Rhythm and Will in Victorian Poetry

Rhythm and Will in Victorian Poetry

by Matthew Campbell
     
 

In Rhythm and Will in Victorian Poetry, Matthew Campbell explores the work of four Victorian poets - Tennyson, Browning, Hopkins and Hardy - as they show a consistent and innovative concern with questions of human agency and will. The Victorians saw the virtues attendant upon a strong will as central to themselves and to their culture, and Victorian poetry strove to… See more details below

Overview

In Rhythm and Will in Victorian Poetry, Matthew Campbell explores the work of four Victorian poets - Tennyson, Browning, Hopkins and Hardy - as they show a consistent and innovative concern with questions of human agency and will. The Victorians saw the virtues attendant upon a strong will as central to themselves and to their culture, and Victorian poetry strove to find an aesthetic form to represent this sense of the human will. Through close study of the metre, rhyme and rhythm of a wide range of poems - including monologue, lyric and elegy - Campbell reveals how closely technical questions of poetics are related, in the work of these poets, to issues of psychology, ethics and social change. He goes on to discuss more general questions of poetics, and the implications of the achievement of the Victorian poets in a wider context, from Milton through Romanticism and into contemporary critical debate.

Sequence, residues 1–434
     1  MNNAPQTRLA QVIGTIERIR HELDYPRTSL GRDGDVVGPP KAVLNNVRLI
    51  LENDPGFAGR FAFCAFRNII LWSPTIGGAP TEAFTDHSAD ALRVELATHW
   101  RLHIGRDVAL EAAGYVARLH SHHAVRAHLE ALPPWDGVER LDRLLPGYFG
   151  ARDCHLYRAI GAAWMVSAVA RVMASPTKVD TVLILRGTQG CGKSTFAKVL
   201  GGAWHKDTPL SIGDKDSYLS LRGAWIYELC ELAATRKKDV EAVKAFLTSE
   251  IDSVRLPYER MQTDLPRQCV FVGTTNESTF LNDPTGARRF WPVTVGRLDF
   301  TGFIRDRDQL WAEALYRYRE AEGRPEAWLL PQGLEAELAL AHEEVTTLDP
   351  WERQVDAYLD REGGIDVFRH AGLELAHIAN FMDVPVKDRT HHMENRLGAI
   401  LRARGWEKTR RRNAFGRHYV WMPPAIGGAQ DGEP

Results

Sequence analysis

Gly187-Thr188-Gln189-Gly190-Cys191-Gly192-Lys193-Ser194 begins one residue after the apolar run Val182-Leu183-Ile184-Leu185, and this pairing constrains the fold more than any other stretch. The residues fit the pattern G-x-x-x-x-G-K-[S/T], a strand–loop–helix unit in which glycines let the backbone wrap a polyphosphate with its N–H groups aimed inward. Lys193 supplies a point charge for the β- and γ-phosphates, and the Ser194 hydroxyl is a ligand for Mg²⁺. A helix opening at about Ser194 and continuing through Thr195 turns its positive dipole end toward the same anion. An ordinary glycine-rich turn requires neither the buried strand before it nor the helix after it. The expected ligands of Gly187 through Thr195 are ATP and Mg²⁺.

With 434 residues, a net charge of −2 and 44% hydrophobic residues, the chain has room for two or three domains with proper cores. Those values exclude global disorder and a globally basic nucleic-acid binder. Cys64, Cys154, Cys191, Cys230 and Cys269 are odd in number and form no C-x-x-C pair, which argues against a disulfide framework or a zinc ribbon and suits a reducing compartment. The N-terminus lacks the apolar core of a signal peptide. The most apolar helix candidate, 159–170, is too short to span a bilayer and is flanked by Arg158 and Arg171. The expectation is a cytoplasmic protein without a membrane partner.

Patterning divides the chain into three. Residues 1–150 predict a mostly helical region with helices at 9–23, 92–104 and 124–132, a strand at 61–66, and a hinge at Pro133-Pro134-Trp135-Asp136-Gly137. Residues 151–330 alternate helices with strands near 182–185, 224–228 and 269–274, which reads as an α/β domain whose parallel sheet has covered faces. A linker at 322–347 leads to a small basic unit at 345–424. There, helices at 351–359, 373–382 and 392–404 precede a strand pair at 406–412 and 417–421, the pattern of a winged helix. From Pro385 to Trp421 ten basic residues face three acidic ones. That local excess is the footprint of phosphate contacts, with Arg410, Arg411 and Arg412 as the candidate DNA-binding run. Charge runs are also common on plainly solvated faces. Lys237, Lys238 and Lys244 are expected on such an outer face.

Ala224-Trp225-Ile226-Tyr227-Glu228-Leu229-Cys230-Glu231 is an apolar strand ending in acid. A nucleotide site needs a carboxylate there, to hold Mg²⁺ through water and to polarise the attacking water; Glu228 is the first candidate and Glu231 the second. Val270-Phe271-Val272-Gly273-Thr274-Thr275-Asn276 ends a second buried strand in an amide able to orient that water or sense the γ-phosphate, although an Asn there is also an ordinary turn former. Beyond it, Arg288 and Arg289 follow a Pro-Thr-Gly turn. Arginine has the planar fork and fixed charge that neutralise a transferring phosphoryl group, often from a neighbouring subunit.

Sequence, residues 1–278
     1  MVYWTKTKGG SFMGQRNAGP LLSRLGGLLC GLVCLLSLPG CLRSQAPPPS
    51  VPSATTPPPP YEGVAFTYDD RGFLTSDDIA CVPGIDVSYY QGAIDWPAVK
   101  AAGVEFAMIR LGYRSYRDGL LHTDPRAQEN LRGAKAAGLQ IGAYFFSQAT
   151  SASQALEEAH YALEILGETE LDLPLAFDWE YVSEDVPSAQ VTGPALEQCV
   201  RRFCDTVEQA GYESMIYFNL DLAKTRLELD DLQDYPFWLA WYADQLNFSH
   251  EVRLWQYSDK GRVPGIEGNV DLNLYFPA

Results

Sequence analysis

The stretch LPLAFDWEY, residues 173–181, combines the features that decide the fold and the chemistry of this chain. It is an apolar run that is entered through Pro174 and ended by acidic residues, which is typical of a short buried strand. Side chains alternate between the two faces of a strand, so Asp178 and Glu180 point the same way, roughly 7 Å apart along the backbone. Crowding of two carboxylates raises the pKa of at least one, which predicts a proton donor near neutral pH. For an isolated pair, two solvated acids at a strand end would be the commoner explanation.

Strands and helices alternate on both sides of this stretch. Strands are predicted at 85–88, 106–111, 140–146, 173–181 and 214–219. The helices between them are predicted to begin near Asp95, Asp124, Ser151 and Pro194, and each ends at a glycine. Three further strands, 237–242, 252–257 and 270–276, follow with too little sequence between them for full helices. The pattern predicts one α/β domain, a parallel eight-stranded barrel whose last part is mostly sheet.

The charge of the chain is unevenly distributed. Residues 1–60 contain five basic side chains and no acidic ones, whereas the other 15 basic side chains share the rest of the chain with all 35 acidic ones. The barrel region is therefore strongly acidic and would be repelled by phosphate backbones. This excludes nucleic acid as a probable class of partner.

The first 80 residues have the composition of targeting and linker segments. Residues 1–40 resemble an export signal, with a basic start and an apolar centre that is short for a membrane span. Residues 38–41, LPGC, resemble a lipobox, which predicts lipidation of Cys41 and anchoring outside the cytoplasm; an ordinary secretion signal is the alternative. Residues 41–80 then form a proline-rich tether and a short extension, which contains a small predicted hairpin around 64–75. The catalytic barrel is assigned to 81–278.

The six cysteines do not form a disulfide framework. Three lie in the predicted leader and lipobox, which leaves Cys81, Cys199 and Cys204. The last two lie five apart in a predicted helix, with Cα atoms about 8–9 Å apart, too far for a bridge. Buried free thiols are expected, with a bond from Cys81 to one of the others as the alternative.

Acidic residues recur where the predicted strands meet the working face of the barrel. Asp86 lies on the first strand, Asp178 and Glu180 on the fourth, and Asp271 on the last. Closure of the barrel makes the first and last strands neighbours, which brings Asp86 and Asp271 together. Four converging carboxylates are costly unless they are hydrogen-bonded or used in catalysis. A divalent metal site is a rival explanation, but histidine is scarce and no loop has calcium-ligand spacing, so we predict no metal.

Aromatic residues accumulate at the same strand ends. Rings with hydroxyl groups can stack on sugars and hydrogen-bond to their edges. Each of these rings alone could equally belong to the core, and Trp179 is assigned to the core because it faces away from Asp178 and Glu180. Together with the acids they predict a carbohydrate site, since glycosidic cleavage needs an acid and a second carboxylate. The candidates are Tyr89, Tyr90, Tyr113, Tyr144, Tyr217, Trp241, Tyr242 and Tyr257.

Product Details

ISBN-13:
9780521604222
Publisher:
Cambridge University Press
Publication date:
05/28/2004
Series:
Cambridge Studies in Nineteenth-Century Literature and Culture Series, #22
Edition description:
New Edition
Pages:
292
Product dimensions:
5.98(w) x 8.98(h) x 0.67(d)

Table of Contents

Preface and acknowledgements
Texts used
1Introduction: two decisions1
Pt. 1Rhythms of Will
2Rhythms of will15
3Tennyson, Browning and the absorbing soul64
Pt. 2Monologue and Monodrama
4Browning and the element of action99
5'Tis well that I should bluster': Tennyson's monologues125
Pt. 3Making a Will
6The drift of In Memoriam157
7Incarnating elegy in The Wreck of the Deutschland187
8The mere continuator: Thomas Hardy and the end of elegy210
Notes239
Bibliography259
Index269

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